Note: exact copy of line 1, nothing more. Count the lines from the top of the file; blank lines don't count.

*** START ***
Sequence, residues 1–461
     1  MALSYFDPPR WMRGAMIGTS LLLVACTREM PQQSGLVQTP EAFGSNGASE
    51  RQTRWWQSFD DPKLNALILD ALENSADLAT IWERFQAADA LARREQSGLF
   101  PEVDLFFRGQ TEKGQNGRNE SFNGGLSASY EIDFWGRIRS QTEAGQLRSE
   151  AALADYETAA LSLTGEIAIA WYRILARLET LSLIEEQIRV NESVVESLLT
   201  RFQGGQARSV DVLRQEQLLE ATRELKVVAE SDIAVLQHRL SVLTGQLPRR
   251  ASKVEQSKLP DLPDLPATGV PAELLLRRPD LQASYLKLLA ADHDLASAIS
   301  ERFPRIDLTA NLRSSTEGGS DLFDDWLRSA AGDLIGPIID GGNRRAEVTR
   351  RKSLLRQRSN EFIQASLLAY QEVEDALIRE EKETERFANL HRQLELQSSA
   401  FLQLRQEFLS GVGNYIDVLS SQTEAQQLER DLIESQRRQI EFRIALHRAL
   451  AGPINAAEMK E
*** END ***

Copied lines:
Sequence, residues 1–461